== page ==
Hormone Therapy May Halt High Blood Pressure

Study raises new questions about effect on women's heart disease

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By
HealthDay Reporter

MONDAY, Aug. 20, 2001 (HealthDayNews) -- Add this to the growing list of potential paybacks from hormone replacement therapy: It may keep systolic blood pressure down in women as they age.

That's what new research from the National Institutes of Health (NIH) found with 226 postmenopausal women who were tracked for almost six years. High systolic blood pressure -- the greatest pressure the heart produces as it contracts -- is considered a precursor to heart attacks, strokes and kidney failure. In the study, diastolic blood pressure -- the least pressure the heart produces as it relaxes -- was not greatly affected.

"Systolic pressure is a major culprit in causing heart disease," says Jerome Fleg, co-author and staff cardiologist at the National Institute on Aging, which is part of NIH. "We think it might be causing some structural changes in arteries. That's why this is significant. Obviously, we'd like to see this confirmed in randomized trials, but it looks like an added effect of hormone replacement therapy [HRT]."

HRT's role in preventing cardiovascular disease has been the subject of heated debate in recent years. While the American Heart Association recently issued an advisory that told women not to take HRT just to prevent heart disease, some studies have linked HRT to lower cholesterol levels, which in itself may lower heart attack risk. Other research has found HRT also helps memory and prevents bone loss.

Doctors have linked the increase in heart attacks in older women to the drops in estrogen levels that accompany menopause, and a large-scale study on how estrogen affects the development of heart disease is under way at NIH. Called the Women's Health Initiative, it should be completed by 2005. In 1998, researchers on the Heart and Estrogen/Progestin Replacement Study found that 2,763 older women who took both estrogen and progestin for four years had just as many heart attacks as women who didn't take the therapy.

Fleg thinks part of the problem has been that most of the research has looked at women who have already developed the beginnings of heart disease.

"Maybe it's better as a primary, first line of treatment, early on," he says of HRT. "Maybe we should focus on women before they develop heart disease."

In the most recent study, scientists tapped into the 932 women who are part of the Baltimore Longitudinal Study on Aging for their research; 332 of those women were postmenopausal, with a mean age of 64. Of those, 52 were excluded because they only used estrogen now and then, 28 because they had signs of cardiovascular disease and 26 because they had incomplete records. Of the remaining 226 women, 149 had never used HRT and 77 used a combination of estrogen and progestin regularly. The Baltimore study, begun in 1958, is the longest-running scientific study of aging, according to the NIH.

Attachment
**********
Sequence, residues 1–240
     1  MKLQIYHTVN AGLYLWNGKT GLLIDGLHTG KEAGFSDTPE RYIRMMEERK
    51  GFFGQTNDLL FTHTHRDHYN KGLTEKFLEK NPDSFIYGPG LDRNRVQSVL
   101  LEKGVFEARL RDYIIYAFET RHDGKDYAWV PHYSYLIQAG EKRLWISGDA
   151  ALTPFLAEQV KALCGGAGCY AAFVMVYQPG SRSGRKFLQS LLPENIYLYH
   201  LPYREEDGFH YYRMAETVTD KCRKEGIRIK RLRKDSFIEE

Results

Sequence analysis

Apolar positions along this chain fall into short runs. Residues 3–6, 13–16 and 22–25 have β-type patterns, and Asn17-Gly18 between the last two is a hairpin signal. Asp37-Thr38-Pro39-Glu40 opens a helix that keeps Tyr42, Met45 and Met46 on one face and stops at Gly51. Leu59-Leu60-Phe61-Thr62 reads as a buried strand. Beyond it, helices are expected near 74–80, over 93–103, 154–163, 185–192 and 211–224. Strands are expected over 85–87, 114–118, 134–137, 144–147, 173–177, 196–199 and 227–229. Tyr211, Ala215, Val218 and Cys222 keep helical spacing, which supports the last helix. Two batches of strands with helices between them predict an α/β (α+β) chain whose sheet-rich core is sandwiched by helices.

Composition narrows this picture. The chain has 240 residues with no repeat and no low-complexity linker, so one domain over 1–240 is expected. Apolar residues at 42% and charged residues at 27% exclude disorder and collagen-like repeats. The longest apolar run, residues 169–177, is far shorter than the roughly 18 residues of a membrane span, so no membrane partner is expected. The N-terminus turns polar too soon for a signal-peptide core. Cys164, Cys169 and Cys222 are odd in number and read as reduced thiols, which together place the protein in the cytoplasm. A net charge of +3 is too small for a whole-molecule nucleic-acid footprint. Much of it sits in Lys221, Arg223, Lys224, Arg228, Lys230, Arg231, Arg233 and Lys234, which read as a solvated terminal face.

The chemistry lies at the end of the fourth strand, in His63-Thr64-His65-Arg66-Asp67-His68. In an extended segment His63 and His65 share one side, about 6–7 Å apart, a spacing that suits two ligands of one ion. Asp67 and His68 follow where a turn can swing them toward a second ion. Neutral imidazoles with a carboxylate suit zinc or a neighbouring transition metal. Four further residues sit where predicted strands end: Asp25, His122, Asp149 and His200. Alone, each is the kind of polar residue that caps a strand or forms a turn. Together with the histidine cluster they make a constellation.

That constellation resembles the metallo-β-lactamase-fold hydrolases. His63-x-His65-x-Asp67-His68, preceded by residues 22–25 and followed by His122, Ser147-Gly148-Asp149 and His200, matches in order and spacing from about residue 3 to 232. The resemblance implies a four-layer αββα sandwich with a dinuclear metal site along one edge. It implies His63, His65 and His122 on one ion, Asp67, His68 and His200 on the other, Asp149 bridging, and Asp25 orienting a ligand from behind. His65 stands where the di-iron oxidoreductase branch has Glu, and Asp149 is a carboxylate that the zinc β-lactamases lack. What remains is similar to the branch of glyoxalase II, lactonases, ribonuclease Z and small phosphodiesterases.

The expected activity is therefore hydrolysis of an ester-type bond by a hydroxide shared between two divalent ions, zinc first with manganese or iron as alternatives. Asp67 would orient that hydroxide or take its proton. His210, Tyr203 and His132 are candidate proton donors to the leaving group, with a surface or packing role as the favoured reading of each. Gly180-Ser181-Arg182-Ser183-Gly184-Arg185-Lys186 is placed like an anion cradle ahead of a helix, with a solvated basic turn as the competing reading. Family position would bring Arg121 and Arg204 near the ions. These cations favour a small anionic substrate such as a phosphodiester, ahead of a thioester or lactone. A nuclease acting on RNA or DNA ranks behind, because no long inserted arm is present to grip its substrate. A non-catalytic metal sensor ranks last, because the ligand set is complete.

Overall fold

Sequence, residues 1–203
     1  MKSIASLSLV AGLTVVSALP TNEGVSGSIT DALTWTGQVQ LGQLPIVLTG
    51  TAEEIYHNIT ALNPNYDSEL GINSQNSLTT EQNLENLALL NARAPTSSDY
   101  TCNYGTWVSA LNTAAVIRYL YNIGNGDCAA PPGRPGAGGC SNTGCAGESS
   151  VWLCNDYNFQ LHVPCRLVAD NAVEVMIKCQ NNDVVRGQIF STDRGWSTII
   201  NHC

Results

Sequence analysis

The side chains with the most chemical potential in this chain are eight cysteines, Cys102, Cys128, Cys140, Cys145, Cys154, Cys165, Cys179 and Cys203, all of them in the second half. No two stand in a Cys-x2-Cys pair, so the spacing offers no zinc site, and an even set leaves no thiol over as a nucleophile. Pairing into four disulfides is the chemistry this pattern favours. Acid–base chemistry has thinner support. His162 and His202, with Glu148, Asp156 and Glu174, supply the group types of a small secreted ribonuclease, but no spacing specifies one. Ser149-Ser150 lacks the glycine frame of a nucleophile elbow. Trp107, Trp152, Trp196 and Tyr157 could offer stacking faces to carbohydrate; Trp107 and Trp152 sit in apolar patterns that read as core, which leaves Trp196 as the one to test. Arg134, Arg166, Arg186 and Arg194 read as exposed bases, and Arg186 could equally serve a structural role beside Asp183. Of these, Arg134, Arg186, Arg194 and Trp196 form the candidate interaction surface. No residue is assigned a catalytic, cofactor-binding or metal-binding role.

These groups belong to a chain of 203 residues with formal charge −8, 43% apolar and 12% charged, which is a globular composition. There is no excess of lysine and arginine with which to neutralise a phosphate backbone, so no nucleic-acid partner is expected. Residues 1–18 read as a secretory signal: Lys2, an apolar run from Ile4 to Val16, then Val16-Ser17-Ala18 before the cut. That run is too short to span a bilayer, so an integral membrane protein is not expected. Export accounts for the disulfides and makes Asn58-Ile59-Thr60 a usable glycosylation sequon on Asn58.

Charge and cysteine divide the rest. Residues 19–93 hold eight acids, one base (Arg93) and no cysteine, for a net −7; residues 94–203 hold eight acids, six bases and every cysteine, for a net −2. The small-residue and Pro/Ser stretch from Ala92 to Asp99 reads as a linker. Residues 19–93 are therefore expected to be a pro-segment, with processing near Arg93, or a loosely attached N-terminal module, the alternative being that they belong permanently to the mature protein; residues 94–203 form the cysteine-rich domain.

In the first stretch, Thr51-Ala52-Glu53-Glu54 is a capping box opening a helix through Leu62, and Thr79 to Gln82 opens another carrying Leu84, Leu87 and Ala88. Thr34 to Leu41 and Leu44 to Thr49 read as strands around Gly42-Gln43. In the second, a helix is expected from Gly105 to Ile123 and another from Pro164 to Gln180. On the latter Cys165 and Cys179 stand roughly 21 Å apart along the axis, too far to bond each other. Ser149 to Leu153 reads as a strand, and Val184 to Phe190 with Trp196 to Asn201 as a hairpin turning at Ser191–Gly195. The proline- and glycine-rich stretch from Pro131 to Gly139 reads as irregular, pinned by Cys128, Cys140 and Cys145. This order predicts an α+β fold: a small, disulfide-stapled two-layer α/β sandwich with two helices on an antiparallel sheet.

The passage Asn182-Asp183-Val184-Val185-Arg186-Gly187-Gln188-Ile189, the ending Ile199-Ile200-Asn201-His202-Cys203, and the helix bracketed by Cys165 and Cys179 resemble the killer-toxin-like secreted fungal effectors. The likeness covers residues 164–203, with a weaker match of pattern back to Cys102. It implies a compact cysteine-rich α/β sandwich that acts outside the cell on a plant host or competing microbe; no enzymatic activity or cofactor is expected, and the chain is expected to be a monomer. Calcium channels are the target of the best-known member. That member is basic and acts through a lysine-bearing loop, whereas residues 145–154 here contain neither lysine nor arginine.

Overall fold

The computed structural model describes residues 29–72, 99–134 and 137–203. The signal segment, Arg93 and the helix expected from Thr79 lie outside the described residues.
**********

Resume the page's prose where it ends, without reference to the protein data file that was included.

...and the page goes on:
The women received checkups almost every two years, and the results of the latest visits surprised researchers. Those who used HRT had no significant change in their systolic pressure, while those who didn't use HRT had significant increases in systolic pressure. And only 13 percent of HRT users had become hypertensive, while 16 percent of those who did not use HRT had become hypertensive -- which means your systolic reading (the upper of the two numbers commonly used) exceeds 160 millimeters of mercury and your diastolic reading (the lower number) exceeds 95 mm. Among these hypertensive women, HRT users had an average systolic blood pressure reading of 169.8 mm, while nonusers had an average systolic blood pressure reading of 172.2 mm. Generally, a reading less than less than 140 over 90 means you shouldn't worry.

"I think it's very interesting," says Michelle Warren, director of the Center for Menopause, Hormonal Disorders and Women's Health in New York City. "It's new in that no one else has found this change in blood pressure between hormone users and nonusers. We've been struggling with this issue, but there's evidence that women on hormones do better and live longer. If you take hormones, you have less chance of dying. This may be one of the variables that explains why women on hormones have less risk of dying."

"Once you start looking at markers for heart attacks, and blood pressure is certainly a big one, then you start looking at [cardiac] events," she says. "Maybe we should look at women who start it [HRT] early and use it consistently."

Warren did note that the study was small, and a larger study might now be in order. But that doesn't dampen her enthusiasm for the results.

"We now have a finding, which might explain why certain groups of women on hormones do better and don't die as young. It would suggest that if you use it consistently early, and you get older, it may have significant benefits with systolic blood pressure. There's new questions, new issues here, and new doors."

What To Do

For details on women's cardiovascular risks, go to the American Heart Association.

Read more about HRT and heart disease at the National Heart, Lung and Blood Institute and the National Institute on Aging.

To find out more about the Baltimore study, and even how to apply for it, take a look at this NIH site.

SOURCES: Interviews with Jerome Fleg, M.D., staff cardiologist, National Institute on Aging, Bethesda, Md., and Michelle Warren, director, Center for Menopause, Hormonal Disorders and Women's Health, New York; Aug. 21, 2001 Annals of Internal Medicine

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